Philadelphia Story

by John Quiggin on January 5, 2014

I’m in bitterly cold Philadelphia at the moment attending the meetings of the American Economic Association (and a bunch of related societies). I was at a very interesting session on long-run discounting, which had a panel of six with (as is common) one woman1. Looking around the room, I realised that the panel was actually balanced (inside econometric joke) when compared with the audience, which was about 90 per cent male.

I don’t think that the academic economics profession is quite as male-dominated as that. Some casual discussions suggested a couple of hypotheses:

(i) There were some parallel sessions on gender issues for which the audience was mostly female (not surprising, but kind of ambivalent)

(ii) Men were more likely to attend the sessions while female colleagues were more likely to be on the hiring teams. For those unfamiliar with this exercise, a large part of academic conferences consists of academics sitting in hotel rooms for days on end while a string of recent PhDs give a 15 minute pitch on a piece of research (their ‘job market paper’) followed by a ritual Q&A (a plausible but depressing story)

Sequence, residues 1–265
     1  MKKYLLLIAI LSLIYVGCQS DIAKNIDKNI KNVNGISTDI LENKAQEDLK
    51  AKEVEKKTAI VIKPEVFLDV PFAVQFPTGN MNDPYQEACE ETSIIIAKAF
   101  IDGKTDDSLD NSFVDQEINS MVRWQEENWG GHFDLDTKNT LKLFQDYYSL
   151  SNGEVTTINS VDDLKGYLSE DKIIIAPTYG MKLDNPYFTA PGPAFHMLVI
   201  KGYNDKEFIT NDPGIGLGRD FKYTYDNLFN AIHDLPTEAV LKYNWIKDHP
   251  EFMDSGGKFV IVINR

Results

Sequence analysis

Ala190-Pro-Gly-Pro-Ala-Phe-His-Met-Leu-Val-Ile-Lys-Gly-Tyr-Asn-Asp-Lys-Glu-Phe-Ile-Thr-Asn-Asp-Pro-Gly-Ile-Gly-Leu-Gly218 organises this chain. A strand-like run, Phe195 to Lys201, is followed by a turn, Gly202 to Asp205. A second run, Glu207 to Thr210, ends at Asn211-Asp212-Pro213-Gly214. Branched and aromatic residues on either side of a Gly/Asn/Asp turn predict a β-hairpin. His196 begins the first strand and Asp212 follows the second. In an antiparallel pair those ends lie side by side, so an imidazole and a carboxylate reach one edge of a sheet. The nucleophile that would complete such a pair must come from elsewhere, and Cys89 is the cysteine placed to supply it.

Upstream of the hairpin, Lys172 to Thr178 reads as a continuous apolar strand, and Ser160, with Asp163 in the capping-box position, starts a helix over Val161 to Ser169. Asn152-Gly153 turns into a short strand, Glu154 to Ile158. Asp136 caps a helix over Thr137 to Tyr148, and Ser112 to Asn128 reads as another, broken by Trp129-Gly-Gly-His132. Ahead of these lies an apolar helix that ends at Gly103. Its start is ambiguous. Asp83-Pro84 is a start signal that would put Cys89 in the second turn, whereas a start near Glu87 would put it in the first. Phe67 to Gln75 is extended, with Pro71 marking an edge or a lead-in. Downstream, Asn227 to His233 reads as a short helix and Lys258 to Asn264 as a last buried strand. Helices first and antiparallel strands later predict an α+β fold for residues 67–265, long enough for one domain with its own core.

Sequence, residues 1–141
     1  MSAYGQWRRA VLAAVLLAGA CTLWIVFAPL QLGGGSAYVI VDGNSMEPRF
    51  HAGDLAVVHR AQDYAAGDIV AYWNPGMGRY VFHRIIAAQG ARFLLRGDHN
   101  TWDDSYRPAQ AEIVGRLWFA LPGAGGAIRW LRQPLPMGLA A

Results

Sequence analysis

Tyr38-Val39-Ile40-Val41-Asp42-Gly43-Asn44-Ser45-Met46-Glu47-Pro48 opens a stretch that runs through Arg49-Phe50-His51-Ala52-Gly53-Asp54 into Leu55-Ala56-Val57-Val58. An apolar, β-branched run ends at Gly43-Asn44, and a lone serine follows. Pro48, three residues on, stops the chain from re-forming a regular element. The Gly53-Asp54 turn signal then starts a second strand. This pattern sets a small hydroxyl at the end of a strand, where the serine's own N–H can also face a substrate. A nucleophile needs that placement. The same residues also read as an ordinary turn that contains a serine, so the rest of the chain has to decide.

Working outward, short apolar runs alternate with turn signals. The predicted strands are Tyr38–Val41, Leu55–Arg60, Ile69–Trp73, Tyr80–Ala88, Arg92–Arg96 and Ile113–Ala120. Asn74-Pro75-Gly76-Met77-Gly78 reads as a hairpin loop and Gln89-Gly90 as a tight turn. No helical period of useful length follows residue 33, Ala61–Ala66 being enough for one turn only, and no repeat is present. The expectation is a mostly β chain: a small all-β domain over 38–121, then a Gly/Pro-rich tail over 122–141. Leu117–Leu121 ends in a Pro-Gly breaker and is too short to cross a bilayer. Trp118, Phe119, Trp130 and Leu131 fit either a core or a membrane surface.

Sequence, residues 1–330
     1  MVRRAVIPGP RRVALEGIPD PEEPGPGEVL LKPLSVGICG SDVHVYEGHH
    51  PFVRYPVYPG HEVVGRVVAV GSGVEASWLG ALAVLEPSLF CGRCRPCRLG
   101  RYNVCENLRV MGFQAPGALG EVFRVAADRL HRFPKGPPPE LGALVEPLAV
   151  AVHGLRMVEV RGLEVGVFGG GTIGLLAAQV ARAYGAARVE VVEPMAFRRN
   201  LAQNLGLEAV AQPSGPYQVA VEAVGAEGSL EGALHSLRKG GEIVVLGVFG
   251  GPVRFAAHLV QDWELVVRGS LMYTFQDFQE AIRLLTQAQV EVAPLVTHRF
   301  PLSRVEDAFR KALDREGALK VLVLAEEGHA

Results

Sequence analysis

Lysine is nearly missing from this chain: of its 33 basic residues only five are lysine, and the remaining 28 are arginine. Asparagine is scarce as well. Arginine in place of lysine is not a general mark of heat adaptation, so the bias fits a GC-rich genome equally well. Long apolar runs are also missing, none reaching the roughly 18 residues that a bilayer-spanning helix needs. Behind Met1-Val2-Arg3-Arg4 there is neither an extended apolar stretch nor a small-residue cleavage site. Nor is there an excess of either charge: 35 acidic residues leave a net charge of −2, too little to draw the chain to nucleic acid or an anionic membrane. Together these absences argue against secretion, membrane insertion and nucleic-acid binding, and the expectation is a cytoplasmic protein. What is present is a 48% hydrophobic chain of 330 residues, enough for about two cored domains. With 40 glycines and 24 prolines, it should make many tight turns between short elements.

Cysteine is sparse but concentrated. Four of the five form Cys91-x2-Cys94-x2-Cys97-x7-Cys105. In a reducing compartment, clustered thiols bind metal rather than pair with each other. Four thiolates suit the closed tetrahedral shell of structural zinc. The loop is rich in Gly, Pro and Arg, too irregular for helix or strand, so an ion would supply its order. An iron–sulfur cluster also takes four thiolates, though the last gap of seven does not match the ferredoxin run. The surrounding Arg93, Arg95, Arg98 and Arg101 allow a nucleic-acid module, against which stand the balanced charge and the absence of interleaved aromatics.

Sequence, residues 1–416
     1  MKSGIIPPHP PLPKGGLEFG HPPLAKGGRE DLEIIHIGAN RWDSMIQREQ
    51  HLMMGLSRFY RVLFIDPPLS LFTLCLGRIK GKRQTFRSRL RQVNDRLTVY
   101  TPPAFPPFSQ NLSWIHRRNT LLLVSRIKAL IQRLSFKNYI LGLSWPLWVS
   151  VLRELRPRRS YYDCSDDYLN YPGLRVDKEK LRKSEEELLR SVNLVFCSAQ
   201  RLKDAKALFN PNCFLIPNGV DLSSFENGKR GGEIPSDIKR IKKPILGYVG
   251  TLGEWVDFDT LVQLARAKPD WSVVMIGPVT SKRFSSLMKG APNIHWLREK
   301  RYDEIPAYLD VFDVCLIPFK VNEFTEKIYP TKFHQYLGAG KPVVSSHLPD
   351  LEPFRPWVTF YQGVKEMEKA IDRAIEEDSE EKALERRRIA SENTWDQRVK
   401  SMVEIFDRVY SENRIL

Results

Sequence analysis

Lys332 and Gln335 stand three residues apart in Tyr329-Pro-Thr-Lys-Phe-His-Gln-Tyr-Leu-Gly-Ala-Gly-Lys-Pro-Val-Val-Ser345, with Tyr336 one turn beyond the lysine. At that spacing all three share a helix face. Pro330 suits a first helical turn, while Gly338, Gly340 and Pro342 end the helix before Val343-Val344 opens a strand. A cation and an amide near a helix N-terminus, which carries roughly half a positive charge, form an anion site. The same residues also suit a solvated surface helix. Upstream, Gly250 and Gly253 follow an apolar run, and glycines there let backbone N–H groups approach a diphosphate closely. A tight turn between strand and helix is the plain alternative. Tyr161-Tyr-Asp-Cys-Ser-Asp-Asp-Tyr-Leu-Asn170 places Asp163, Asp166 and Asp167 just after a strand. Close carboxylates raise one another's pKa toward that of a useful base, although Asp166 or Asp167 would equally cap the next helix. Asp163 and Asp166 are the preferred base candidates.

I get the impression that academic philosophy is even worse than economics, but that most other disciplines are better. Any thoughts?


  1. Maureen Cropper, who’s been doing great work in this field as long as I can remember 

{ 20 comments }

1

Matt 01.05.14 at 4:27 am

Philosophy is usually said to be about 20% female among the tenured/tenure track faculty, though I can’t say I know that for sure. From what you say, I can’t tell if that’s better or worse than economics, though it’s obviously pretty bad.

How much longer are you in Philadelphia? If you’re not leaving immediately, I’m glad to point out things of interest. (It’s my current home, and has been off and on for most of the last 12 years.)

2

hix 01.05.14 at 8:24 am